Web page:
Peaceful Co-Existence: Moderation and Peacemaking in Southern Thailand

 

Date: 2 May 2013

Venue: GMMF Office, Kuala Lumpur, Malaysia

 

 

The Global Movement of Moderates Foundation (GMMF) organized a seminar with the theme "Peaceful Co-Existence: Moderation and Peacemaking in Southern Thailand" at the GMMF office in Kuala Lumpur on 2 May 2013. Thanks to Dr. Tim Rackett, the Associate Professor of HELP University, for the original idea of the seminar and producing the concept paper. He is the author of the paper and retains the copyright. 

 

With the participation of politicians, activists and scholars from diverse cultural background, the seminar seeks to critically examine the complex socio-political dynamics and nature of ethno-religious forces and actors in Southern Thailand. Through an analysis of the root cause of the conflict in Southern Thailand, the seminar provides an understanding how moderation can lead the way to an enduring and just peace. 

 

Thailand's southern provinces have a longstanding conflict between local Islamic rebels and the Buddhist-dominated Thai security forces that now stands as one of the deadliest insurgencies in Asia. Therefore, it is vital to delineate an ethic of moderation to create a sustainable and lasting resolution to put an end to the Southern Thai skirmish caused by the misuse of religion and nationalism to generate hatred, intolerance and violence. 

 

The seminar brought together 30 participants from the diplomatic corps, academia, governmental and non-profit organizations. Also present were Dato' Kamal Yan Yahya, Special Advisor on International Relations of the Prime Minister's Department, H.E. Dato' Raja Nazrin Aznam, Deputy Director General of MOFA, H.E. Aminahtun Hj Karim, Deputy Director General of IDFR and Piyapathu Ruktanonchai, Second Secretary of the Royal Thai Embassy.  

 

The seminar commenced with welcoming remarks from the GMMF CEO Khalek Awang.Moderated by the GMMF Research Manager Asrul Daniel Ahmed, the three invited speakers who have extensive research interest and experience in the Southern Thailand conflict presented their papers prior to a Q&A session.

  

According to Khalek, this seminar which took on the perspective of moderation and its practical application relating to peaceful co-existence would give the Global Movement of Moderates the regional and global thrust that it needs. The discussion would be further enriched through the participation of strategic decision makers and opinion leaders.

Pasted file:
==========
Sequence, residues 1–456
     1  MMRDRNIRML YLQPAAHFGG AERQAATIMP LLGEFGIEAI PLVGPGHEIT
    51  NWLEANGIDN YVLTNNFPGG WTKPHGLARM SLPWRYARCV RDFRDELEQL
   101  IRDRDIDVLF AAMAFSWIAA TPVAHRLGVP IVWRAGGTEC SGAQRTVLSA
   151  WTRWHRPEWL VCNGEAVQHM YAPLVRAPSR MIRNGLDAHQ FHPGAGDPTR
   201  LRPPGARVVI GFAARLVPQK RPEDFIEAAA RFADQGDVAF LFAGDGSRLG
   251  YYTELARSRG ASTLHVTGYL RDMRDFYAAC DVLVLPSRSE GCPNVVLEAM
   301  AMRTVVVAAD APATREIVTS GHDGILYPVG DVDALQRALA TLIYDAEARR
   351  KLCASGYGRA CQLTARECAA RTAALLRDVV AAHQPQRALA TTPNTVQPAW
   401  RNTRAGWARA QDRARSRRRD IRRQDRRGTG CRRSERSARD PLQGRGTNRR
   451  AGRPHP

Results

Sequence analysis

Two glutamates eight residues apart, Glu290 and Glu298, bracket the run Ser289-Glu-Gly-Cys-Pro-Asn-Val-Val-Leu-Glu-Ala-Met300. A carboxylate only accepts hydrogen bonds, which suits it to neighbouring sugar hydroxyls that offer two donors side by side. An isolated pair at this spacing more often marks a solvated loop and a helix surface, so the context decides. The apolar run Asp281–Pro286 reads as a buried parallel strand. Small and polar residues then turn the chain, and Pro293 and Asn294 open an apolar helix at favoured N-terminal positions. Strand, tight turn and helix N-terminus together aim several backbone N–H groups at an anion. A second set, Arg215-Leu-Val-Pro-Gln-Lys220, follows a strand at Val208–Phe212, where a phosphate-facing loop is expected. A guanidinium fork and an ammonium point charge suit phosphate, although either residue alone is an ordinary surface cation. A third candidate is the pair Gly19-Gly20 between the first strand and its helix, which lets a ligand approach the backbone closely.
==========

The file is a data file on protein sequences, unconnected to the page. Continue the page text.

The first presenter was Dr. Tim Rackett who provided a succinct overview of religious nationalism, contemporary ethical and cultural challenges in this region in his paper "Buddhist Nationalism in South East Asia".  

 

The second paper "Settlement Dilemmas for Thailand's Malay-Muslim South" was presented by Jason Johnson who is an American visiting scholar to Thailand since 1998. He shared with the participants his own experience in dealing with Muslim separatists and Thai security officers. He commented that at the moment there is still no end in sight for the conflict. 

 

Dr. Mala Rajo Sathian who is the Senior Lecturer from the Department of South East Asian Studies, Universiti Malaya, presented the third paper "The Conflict in South Thailand and the Rise of Muslim Women Political Activists in the Region". She highlighted the significant role of women in civil society despite being the real victims of the conflict. In addition, she suggested that non-state players such as NGOs must also be taken into account in dealing with the conflict in the region. 

 

The presentations triggered a fruitful debate among the participants during the Q&A session. The outcome of the deliberations would be published and disseminated, providing an intellectual basis for GMMF as the leading centre for the dissemination of the concept of moderation.

 

 

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